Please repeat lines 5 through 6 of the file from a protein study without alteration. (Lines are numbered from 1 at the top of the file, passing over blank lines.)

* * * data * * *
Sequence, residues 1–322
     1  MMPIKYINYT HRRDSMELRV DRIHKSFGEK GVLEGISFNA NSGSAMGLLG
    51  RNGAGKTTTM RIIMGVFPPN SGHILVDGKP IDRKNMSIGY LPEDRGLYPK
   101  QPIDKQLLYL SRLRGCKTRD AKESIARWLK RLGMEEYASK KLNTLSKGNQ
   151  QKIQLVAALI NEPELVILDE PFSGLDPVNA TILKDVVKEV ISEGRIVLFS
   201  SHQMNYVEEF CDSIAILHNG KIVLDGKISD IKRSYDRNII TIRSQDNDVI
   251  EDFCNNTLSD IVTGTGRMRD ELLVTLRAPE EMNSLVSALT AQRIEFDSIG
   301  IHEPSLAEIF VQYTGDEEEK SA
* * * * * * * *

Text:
   151  QKIQLVAALI NEPELVILDE PFSGLDPVNA TILKDVVKEV ISEGRIVLFS
   201  SHQMNYVEEF CDSIAILHNG KIVLDGKISD IKRSYDRNII TIRSQDNDVI